Genre: Initially Post-Punk/Goth then Neo-Folk and World Fusion
Active: 1980-1996, 2005-Present
Page: ::Dead Can Dance::
Wiki: ::Dead Can Dance Wikipedia Article::
|Severance: The Winds of Change|
Dead Can Dance's first album (self-titled) was released in 1984, with 4AD records, followed by 'Garden of the Arcane Delights'. Some of their early work was more in a more 'Goth' style with tracks like 'The Trial' and 'The Arcane' but also included tracks in a very different style such as 'Frontier' that were early indications of where the band was to go musically. They still ended up playing support to the likes of Xmal Deutschland (1883, Brixton Ace, London), The March Violets (March 1984, London) and The Cocteau Twins (February 1984, Victoria Palace Theatre, London) in concert.
Allmusic's reviewer, Ned Raggett felt their early work had been "as goth as it gets", and while I would definitely say that they started off a Goth band, I think they rapidly became a Gothic band instead; their music conjures up images of ancient ruins, vast cathedrals, eerie landscapes and strange rituals. Their music is constructed of vast soundscapes, statuesque and mesmerising in their grandeur and global scope. They are so eclectic and unique that they are genuinely hard to classify into any genre; I have gone with 'world fusion' simply because I feel I need to write something, but even that does not seem truly accurate. You can find references to a wide variety of cultures, mythologies and time periods, and yet it is all brought together so harmoniously. Despite, or maybe because of, the broad scope, their music is more Gothic than even the lyrical content and imagery of And Also The Trees, and their world fusion stylings with a distinct choral element certainly seem many miles from the sounds of Bauhaus or Siouxsie and The Banshees. There are a couple of Joy Division quotes in their lyrics - in 'The Carnival Is Over', the line "Procession moves on, the shouting is over" is a quote from Joy Division song 'The Eternal' and in 'Tell Me About The Forest You Once Called Home' there is an adaptation of part of 'Love Will Tear Us Apart'.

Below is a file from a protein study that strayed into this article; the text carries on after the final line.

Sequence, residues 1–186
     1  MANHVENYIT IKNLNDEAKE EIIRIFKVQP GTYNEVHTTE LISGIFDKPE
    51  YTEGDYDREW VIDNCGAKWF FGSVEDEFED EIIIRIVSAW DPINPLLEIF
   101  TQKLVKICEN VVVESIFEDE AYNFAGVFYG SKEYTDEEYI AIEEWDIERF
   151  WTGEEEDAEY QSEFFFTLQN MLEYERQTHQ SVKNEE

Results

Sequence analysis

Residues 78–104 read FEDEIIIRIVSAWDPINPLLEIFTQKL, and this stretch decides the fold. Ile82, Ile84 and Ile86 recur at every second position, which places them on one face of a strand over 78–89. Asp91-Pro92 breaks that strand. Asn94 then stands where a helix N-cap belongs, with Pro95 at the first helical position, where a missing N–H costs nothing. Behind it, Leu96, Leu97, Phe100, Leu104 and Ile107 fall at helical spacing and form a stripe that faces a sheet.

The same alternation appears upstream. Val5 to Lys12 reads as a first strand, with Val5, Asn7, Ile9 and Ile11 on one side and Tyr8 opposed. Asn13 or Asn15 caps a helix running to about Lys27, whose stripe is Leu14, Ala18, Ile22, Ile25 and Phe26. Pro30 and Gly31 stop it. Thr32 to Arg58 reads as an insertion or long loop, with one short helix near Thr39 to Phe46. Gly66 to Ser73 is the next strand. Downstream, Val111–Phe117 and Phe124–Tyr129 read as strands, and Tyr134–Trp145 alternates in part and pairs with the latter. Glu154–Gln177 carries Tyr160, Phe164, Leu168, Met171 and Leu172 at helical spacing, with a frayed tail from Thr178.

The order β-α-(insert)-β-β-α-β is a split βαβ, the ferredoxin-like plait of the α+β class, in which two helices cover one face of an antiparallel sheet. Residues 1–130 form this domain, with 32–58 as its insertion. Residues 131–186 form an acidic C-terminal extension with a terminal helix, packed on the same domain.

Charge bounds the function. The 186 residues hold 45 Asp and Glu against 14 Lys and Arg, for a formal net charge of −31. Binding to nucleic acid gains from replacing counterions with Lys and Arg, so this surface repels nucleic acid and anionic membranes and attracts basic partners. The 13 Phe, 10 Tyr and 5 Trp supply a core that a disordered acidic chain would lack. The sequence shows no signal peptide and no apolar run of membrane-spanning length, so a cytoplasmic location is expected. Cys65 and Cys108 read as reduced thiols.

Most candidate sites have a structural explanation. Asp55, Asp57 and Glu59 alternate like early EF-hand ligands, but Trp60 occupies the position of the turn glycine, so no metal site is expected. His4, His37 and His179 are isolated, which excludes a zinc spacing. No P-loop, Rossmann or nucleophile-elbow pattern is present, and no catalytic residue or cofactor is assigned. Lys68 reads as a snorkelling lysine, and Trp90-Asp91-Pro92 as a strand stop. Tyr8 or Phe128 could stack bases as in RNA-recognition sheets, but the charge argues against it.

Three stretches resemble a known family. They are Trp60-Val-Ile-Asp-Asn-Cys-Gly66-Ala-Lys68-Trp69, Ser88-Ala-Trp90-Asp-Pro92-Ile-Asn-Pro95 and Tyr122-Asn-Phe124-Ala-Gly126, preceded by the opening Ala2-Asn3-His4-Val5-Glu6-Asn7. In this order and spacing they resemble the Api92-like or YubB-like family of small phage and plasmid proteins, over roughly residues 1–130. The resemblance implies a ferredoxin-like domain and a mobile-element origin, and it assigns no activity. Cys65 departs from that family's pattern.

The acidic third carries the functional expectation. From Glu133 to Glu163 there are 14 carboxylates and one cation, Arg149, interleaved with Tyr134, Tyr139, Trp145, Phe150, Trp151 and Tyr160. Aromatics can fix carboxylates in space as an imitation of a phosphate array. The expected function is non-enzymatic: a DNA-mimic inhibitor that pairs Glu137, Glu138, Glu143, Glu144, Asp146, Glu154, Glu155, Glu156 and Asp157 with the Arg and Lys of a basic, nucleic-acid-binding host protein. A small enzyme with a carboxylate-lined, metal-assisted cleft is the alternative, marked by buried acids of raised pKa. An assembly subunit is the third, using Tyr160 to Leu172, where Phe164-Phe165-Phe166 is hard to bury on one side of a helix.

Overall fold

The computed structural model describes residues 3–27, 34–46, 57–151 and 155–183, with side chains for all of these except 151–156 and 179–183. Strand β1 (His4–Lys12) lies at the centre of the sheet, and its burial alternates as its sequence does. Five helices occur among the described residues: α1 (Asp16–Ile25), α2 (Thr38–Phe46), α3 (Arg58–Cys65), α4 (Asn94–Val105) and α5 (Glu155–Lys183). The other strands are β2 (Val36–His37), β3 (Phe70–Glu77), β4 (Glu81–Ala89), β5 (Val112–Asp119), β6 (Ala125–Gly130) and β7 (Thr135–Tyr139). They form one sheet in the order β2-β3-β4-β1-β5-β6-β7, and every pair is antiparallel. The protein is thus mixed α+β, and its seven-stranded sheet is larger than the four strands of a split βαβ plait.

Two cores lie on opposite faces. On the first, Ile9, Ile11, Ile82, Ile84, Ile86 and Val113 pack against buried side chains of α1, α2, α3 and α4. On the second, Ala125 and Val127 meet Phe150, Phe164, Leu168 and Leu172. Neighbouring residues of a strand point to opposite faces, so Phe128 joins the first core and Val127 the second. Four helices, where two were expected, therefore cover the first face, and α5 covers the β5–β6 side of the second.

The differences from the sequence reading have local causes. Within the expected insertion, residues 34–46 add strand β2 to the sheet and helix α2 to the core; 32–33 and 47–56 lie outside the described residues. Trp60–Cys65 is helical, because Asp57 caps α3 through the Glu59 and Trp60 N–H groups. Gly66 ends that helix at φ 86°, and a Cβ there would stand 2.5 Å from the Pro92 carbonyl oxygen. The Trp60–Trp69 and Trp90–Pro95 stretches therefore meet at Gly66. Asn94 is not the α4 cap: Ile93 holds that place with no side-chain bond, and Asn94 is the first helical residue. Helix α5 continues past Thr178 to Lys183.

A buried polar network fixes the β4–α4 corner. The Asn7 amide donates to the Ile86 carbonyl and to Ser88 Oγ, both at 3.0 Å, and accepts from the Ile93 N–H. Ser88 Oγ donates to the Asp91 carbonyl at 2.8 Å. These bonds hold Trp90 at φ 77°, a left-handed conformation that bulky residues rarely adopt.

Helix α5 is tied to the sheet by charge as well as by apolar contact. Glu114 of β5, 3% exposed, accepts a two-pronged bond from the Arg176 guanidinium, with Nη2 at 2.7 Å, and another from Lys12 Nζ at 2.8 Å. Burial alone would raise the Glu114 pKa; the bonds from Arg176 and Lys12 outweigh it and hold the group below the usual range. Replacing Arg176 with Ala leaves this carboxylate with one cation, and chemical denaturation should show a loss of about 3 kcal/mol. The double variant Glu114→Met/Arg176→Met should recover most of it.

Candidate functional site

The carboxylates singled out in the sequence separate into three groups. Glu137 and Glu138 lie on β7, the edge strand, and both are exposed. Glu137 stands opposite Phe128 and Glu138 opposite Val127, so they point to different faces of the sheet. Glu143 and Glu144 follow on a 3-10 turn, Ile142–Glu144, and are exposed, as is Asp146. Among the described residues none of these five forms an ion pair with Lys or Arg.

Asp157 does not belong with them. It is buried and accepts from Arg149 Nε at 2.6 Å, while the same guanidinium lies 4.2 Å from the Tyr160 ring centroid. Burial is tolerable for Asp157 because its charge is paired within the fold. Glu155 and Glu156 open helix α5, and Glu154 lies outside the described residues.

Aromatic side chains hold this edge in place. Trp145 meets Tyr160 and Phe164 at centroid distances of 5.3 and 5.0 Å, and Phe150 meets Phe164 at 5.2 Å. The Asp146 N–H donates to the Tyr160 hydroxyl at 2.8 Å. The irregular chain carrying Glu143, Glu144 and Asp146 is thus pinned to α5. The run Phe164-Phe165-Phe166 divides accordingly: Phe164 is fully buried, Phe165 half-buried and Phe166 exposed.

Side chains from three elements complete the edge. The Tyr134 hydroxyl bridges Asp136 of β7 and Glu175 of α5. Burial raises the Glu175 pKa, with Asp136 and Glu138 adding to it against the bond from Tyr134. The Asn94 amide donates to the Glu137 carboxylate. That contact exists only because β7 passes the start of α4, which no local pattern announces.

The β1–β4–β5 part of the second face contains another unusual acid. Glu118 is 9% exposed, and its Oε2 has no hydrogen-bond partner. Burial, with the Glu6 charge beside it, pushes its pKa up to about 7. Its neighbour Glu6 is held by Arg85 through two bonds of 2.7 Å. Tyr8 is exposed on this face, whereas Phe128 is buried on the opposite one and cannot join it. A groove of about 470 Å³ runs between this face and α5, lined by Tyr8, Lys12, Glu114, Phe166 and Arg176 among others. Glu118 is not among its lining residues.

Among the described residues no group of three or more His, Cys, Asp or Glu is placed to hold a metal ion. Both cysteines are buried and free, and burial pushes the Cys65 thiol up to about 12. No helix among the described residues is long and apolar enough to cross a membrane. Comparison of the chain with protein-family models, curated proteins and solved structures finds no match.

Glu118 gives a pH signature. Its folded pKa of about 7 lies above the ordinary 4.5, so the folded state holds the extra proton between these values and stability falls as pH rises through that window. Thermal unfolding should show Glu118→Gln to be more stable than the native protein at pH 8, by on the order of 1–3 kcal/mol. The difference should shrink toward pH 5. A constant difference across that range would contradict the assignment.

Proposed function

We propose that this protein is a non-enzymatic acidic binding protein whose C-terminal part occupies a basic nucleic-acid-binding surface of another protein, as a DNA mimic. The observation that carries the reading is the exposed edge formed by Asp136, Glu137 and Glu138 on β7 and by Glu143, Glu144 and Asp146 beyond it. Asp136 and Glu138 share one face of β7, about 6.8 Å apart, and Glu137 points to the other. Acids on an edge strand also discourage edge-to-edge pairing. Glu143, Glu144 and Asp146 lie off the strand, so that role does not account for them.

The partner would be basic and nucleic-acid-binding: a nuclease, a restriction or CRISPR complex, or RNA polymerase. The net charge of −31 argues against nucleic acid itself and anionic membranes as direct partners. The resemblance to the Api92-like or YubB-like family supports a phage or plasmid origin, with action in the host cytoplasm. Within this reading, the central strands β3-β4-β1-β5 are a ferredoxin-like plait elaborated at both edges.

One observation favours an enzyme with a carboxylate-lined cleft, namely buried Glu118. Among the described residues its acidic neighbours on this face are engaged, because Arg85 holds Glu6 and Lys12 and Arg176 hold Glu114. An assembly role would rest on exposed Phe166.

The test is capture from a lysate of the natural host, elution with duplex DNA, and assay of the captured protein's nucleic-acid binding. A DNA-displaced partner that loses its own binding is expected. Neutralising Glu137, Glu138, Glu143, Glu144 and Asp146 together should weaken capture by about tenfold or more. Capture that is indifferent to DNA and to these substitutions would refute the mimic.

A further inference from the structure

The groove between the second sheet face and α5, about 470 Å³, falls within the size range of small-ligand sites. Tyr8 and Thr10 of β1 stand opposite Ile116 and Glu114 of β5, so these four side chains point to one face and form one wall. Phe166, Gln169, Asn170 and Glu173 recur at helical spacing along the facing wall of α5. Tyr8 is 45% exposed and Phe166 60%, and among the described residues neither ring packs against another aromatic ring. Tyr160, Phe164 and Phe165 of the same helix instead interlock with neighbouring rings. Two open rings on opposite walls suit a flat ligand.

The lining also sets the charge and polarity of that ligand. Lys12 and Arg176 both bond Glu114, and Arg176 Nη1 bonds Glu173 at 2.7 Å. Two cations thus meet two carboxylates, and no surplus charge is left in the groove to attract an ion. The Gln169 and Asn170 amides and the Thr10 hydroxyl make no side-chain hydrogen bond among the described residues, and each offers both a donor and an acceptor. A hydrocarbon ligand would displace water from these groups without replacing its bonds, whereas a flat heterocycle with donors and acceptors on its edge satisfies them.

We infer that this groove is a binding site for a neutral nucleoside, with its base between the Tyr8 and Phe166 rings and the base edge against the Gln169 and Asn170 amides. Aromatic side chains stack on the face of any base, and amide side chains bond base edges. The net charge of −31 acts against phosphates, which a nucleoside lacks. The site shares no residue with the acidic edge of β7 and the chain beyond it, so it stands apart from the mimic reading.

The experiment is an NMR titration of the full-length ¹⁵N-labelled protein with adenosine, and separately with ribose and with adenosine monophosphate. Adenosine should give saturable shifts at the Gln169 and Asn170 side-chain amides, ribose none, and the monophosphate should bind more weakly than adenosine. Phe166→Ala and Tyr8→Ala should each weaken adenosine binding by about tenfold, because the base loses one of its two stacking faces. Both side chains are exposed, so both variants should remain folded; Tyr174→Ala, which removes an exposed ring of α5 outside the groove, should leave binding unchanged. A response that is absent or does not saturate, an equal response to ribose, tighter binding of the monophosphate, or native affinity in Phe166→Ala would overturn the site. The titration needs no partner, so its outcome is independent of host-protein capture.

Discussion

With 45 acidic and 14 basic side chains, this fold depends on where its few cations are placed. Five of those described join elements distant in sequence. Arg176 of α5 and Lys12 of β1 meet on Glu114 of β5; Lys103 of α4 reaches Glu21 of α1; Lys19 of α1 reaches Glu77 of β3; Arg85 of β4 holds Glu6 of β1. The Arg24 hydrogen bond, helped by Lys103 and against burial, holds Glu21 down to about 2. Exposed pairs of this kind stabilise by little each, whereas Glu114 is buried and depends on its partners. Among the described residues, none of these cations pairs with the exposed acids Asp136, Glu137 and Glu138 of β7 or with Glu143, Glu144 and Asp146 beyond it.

Dawn of the Iconoclasts
Back when I was at college, I did an art project on the band, cause it meant I could spend a whole term illustrating Dead Can Dance songs. It's from this project that the art I have used to illustrate this post has come.
In my opinion they are an amazing and unique musical force, well worth listening to, even if they are somewhat away from the 'Goth' niche. Even my Dad, who is rarely in accordance with any of my musical tastes, liked what he heard when I put 'Host of the Seraphim' on the CD player, and Raven, a definite Rivethead and Metalhead, lets me put Dead Can Dance in the in-car CD thingy-whatsit. They are really, really good, with solid compositions, an amazing synthesis of widely varying styles and techniques, and with lyrics that are beautiful poetry, and albums that are one amazing song followed by the next. I can't think of any Dead Can Dance song that I don't actually like (but that might be because I'm a very biased fan!).